Those were the words Jesus spoke to Nicodemus, a Pharisee who was seeking truth. Jesus didn’t limit salvation to Israel but to anyone who believes in Him. It only takes faith to find salvation through Christ.

While Jesus walked this earth, He preached to all who would listen, He healed the sick, gave sight to the blind, and cast out demons. People followed Him, but there were 12 who were His chosen disciples. These men were given special teachings but didn’t fully understand all that Jesus taught. These men followed Jewish Law, but they weren’t scholars. Nevertheless, they followed Jesus and listened to what He taught.

Then, their hopes and dreams were shattered. Jesus was crucified. They watched Him carry His cross, they saw the blood dripping from gaping wounds which exposed His bones, and they saw the crown of thorns that had been forced upon His head in mockery. Their hopes that Jesus was the longed-for Messiah were shattered as the nails were driven into His hands and feet. Then it was over. Jesus was dead, and his body was taken from the cross and placed in a tomb. A large stone was rolled over the entrance, and it was securely sealed. Roman soldiers were stationed there to make sure nobody stole the body. There was nothing left for the disciples to do but to grieve and worry about their own safety. Because they had followed Jesus, they could also be arrested and put to death.

Jesus had spoken of these events clearly, but the disciples didn’t understand the bigger picture of what Jesus was to accomplish.

“And while they abode in Galilee, Jesus said unto them, The Son of man shall be betrayed into the hands of men: and they shall kill him, and the third day he shall be raised again. And they were exceeding sorry” (Matthew 17:22-23).

They heard the words but didn’t want to believe Jesus meant what He said. Jesus also made reference to prophecy seen in Jonah. “But he answered and said unto them, An evil and adulterous generation seeketh after a sign; and there shall no sign be given to it, but the sign of the prophet Jonas: for as Jonas was three days and three nights in the whale’s belly; so shall the Son of man be three days and three nights in the heart of the earth” (Matthew 12:39-40).

Jonah (Jonas) was a prophet, and his plight with the whale was a prophecy of the Messiah’s death, burial, and resurrection. It’s important to study prophecy.

After Jesus was taken from the cross and hurriedly buried, the disciples had a lot to think about. Had they paid more attention to prophecy, they would have looked forward with expectation to what was about to happen.

As soon as the Law permitted, some of the women arrived at the tomb early. “Now upon the first day of the week, very early in the morning, they came unto the sepulchre, bringing the spices which they had prepared, and certain others with them. And they found the stone rolled away from the sepulchre. And they entered in, and found not the body of the Lord Jesus” (Luke 24:1-3).

Their tears of grief turned to confusion and fear. Jesus’ body was gone, but two men were there. “And as they were afraid, and bowed down their faces to the earth, they said unto them, Why seek ye the living among the dead? He is not here, but is risen: remember how he spake unto you when he was yet in Galilee, saying, The Son of man must be delivered into the hands of sinful men, and be crucified, and the third day rise again” (Luke 24:5-7).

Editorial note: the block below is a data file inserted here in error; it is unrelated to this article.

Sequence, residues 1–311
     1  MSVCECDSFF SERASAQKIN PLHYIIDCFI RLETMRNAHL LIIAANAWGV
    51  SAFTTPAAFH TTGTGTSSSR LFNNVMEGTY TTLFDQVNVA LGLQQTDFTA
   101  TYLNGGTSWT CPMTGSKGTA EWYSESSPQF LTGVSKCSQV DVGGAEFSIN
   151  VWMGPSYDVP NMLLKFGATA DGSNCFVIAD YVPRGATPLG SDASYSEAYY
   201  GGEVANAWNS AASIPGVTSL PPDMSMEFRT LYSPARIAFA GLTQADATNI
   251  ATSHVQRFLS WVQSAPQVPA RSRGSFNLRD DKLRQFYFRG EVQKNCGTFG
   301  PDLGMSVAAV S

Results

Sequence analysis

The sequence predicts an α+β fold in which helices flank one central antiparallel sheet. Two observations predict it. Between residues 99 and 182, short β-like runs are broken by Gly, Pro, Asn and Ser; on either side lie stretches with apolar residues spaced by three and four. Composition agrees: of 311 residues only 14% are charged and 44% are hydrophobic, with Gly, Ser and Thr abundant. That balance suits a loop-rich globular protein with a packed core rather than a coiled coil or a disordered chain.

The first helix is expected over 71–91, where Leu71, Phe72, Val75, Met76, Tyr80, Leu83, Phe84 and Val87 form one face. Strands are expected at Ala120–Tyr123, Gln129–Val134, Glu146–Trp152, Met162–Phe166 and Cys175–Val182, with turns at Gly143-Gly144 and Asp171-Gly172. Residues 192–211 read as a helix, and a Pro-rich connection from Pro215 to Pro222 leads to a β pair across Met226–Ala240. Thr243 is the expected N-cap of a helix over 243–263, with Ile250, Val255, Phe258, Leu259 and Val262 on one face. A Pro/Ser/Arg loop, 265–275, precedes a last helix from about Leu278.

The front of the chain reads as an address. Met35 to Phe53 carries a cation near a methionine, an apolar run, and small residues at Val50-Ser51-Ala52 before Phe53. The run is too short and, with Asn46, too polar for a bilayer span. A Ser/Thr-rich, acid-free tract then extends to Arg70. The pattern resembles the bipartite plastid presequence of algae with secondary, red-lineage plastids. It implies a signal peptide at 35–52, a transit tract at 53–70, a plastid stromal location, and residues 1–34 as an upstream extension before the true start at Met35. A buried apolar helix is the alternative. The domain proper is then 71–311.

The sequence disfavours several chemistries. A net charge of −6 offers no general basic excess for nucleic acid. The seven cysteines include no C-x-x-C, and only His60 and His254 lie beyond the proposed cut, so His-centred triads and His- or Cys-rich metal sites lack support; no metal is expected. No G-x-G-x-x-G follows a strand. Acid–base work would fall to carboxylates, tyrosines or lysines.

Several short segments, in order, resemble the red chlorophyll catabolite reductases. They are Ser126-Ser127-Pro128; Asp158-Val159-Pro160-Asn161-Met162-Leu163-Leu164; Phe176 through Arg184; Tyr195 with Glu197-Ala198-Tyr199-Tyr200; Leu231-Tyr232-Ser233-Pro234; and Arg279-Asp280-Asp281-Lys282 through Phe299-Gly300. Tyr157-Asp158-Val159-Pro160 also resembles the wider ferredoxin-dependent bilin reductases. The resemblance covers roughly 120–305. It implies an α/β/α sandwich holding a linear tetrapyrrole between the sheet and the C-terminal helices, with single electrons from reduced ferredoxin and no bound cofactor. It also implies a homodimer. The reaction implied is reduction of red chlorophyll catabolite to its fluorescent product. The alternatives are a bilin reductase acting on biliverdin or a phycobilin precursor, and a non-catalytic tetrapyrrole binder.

The disciples wouldn’t have been confused about what was happening if they had studied prophecy. They also should have believed what Jesus taught rather than believing what they thought He meant. Like them, we read the words but try to tweak them to say something that we can wrap our minds around. Nobody had ever left an empty tomb before, so the disciples hadn’t understood that Jesus meant exactly what He said. How often do you read Scripture but tweak it to justify a sin you hold on to or interpret prophecy based on human understanding rather than God’s greater knowledge?

After hearing the women’s news, Peter and John raced to the tomb and found that the women were right. The body was gone, but the grave clothes were still there. If someone removed Jesus’ body, why would they leave the burial clothes? Something miraculous had happened. Christ conquered death!

After this discovery, two of the disciples departed from Jerusalem to go to a town called Emmaus. “And, behold, two of them went that same day to a village called Emmaus, which was from Jerusalem about three score furlongs” (Luke 24:13). It was about 7.5 miles, and by foot, it would take a while to get there. They had a lot to talk about.

As they walked, they tried to make sense of all that had happened. “And it came to pass, that, while they communed together and reasoned, Jesus himself drew near, and went with them. But their eyes were holden that they should not know him” (Luke 24 15:16). There is some speculation as to why they didn’t recognize Jesus, but we’re just told “…their eyes were holden….”

Does Jesus listen in on your conversations? Yes, He does, so be careful of the words you speak and the thoughts you have.

Jesus allowed the disciples to tell Him what they knew. “And he said unto them, What manner of communications are these that ye have one to another, as ye walk and are sad?” (Luke 24:17). Jesus knew why they were sad and confused, but He cared enough to listen to what was troubling them. “And one of them, whose name was Cleopas, answering said unto him, Art thou only a stranger in Jerusalem, and hast not known the things which are come to pass there in these days?” (Luke 24:18). Their words are a little amusing since we know who they were speaking to.